I found an article by Martin Dodge and Rob Kitchin in Environment and Planning A from 2009 called Software, objects and home space.

This article talked about the “relationship between software, objects and material spatiality” and how technology is being incorporated into our everyday lives. Specifically the authors looked at “how coded objects beckon particular kinds of space into being through their work in the world.”

The article explains the different types of coding used in objects. We have products in our homes and they “are objects that have code physically embedded into their material form, altering `internally’ their relations with the world.”  The authors showed three examples regarding connection in homes and how technology is integrated into our everyday lives. They “document coded objects from three `typical’ British homes.” The three homes included:

  1. A family that consists of five people, both parents work outside the home
  2. A married couple no children, no pets
  3. An 85 year old female living alone

The article breaks down the homes (living spaces) into sections: living room, kitchen, and bedroom/bathroom (in some cases added a category such as an entry hall). These sections are described by the coded objects each room contains.

The three different spaces show that even though “the type and number of coded objects vary, software is already prevalent in Western homes.” The authors explain that “[c]oded objects alter the material, social, and spatial relations of the home in new ways.” And while

digital technologies are different from their analogue equivalents…they offer more functionality; they are more interactive; they are often programmable; they work independently of human oversight; many can record their use; some can communicate with other devices and with information systems across networks.

The article continues and discusses pervasive computing in that once code is integrated into our everyday lives we will be able to “render them invisible and allow them to be taken for granted.” The authors explain it like this:

Such anticipation and response will be fully automated, autonomous, decided upon by sophisticated software algorithms designed to be reflexive to home users’ desires and wishes. This is the vision of the ‘smart home’ a home with computing power built into all the objects contained within; a home that is aware of itself and of its past activity, its surroundings, its inhabitants, its contents, and its external service providers, and knows how to react appropriately to different scenarios. This vision anticipates computing power being built not just into objects within the home, but also into the fabric of the dwelling itself.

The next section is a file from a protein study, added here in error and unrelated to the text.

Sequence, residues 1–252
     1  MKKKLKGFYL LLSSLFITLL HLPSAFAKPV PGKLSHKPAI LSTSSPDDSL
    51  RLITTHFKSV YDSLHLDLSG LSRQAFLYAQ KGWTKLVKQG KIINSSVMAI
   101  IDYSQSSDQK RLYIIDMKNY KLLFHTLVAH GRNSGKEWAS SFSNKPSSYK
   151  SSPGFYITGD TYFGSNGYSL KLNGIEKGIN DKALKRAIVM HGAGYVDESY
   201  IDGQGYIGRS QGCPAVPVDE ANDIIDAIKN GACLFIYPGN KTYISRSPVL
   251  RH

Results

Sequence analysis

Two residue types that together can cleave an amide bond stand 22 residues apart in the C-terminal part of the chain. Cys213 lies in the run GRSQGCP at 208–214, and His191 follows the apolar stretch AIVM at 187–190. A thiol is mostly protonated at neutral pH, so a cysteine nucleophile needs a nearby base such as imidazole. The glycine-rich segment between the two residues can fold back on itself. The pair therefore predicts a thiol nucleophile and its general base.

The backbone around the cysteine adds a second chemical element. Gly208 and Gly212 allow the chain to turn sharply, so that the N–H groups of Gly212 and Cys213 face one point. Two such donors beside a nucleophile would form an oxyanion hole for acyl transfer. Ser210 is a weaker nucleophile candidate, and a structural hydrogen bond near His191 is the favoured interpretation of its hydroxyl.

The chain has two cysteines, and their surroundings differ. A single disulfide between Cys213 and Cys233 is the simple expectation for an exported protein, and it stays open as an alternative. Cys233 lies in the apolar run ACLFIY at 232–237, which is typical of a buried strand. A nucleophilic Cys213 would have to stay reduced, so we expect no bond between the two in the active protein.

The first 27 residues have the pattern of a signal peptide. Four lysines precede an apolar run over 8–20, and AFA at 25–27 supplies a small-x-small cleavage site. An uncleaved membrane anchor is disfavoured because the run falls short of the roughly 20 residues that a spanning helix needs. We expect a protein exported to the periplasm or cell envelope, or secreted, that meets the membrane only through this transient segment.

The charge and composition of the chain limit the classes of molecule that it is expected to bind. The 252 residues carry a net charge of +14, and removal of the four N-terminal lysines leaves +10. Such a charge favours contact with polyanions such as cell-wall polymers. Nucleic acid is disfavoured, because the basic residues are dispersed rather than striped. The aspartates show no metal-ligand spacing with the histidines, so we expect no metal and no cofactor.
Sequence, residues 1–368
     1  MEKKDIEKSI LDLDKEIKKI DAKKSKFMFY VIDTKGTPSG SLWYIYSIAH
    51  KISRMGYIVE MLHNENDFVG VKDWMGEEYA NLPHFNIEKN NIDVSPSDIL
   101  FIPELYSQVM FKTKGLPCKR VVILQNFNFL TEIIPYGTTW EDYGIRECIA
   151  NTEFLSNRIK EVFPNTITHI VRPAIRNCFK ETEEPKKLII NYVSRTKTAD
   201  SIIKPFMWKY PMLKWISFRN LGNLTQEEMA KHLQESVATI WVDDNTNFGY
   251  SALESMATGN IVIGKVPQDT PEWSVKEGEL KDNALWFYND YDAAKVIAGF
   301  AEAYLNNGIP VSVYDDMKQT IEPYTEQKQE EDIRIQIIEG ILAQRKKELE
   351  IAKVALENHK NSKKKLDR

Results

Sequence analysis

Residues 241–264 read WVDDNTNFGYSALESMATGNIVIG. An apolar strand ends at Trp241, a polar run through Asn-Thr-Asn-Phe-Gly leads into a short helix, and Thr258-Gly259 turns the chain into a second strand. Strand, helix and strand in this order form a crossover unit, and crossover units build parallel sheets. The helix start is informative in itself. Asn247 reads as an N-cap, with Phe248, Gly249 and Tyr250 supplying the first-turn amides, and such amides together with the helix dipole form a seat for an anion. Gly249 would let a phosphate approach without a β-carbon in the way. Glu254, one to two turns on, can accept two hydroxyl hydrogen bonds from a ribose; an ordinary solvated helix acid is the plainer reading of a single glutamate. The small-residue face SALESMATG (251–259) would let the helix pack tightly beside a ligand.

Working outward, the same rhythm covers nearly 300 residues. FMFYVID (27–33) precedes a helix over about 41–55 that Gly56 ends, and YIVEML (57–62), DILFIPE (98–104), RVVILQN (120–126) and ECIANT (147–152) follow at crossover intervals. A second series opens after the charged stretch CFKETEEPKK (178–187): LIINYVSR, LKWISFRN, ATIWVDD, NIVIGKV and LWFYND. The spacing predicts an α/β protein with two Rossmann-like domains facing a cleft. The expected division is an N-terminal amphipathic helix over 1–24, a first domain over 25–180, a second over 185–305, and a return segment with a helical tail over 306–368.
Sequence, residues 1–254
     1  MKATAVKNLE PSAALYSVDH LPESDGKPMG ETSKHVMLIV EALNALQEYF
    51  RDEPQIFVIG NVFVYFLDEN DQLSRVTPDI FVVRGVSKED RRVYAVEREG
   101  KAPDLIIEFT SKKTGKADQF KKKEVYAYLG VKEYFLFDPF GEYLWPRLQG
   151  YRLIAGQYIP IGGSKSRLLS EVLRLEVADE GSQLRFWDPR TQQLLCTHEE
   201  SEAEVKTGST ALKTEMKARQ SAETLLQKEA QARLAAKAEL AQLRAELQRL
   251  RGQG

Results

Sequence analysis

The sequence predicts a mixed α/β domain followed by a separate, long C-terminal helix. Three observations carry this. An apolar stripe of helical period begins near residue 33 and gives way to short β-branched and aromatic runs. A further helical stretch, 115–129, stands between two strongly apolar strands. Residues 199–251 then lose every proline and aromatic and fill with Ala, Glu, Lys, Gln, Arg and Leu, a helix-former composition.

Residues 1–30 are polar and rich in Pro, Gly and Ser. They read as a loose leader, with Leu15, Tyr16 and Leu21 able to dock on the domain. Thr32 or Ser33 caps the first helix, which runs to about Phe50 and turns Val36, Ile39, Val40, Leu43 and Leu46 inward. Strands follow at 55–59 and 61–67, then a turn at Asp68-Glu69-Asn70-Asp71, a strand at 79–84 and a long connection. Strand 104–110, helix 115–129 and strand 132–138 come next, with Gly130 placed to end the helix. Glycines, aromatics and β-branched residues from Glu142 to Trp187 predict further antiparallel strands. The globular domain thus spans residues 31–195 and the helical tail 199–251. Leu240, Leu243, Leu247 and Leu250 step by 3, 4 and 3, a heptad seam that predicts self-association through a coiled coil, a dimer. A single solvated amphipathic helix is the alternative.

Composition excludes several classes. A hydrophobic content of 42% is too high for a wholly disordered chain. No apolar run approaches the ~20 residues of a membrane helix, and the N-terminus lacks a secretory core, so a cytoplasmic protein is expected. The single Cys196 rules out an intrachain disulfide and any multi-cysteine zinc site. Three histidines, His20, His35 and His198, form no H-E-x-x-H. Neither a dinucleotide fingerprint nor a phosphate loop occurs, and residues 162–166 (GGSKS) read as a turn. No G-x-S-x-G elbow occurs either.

The article concludes by saying that in current homes there are products that are coded, analog and electrical these work in conjunction with how we live and make our lives better, sometimes “the infusion of software into homes is leading to a new ‘overcoding’ of routines and activities which often makes home life more complex and prone to unexpected and inexplicable failure and disruptions.”

They continue by saying, “[E]lectrical motors replaced physical labour, software algorithms will supplement and Software, objects, and home space augment human decision making.”

The authors do not specifically say remediation, but this idea is remediation. The current product is remade and these remediated products are filling the gap of the previous models and making lives easier. This does not always make a better product for everyone as there may be an adjustment process.

This idea reminds me of what we talked about in class with regards to computer science and how programs are made to do the small tedious tasks so that we can do bigger thinking than ever before. The computer program is working on better ways for it to do its job as well as ours. The article says that the new technology of a ‘smart home’ can anticipate your needs and react. It makes me think of The Jetsons and Forbidden Planet, where there are robots that anticipate the needs of their ‘owners’ and the robots do things to make daily life easier.  This concept of a ‘smart home’ is far removed from how many live today, although you might be surprised after reading this article how coded your house really is.

Works Cited

Dodge, M., Kitchin, R. Software, objects, and home space Environment and Planning A 2009, volume 41, pages 1344- 1365.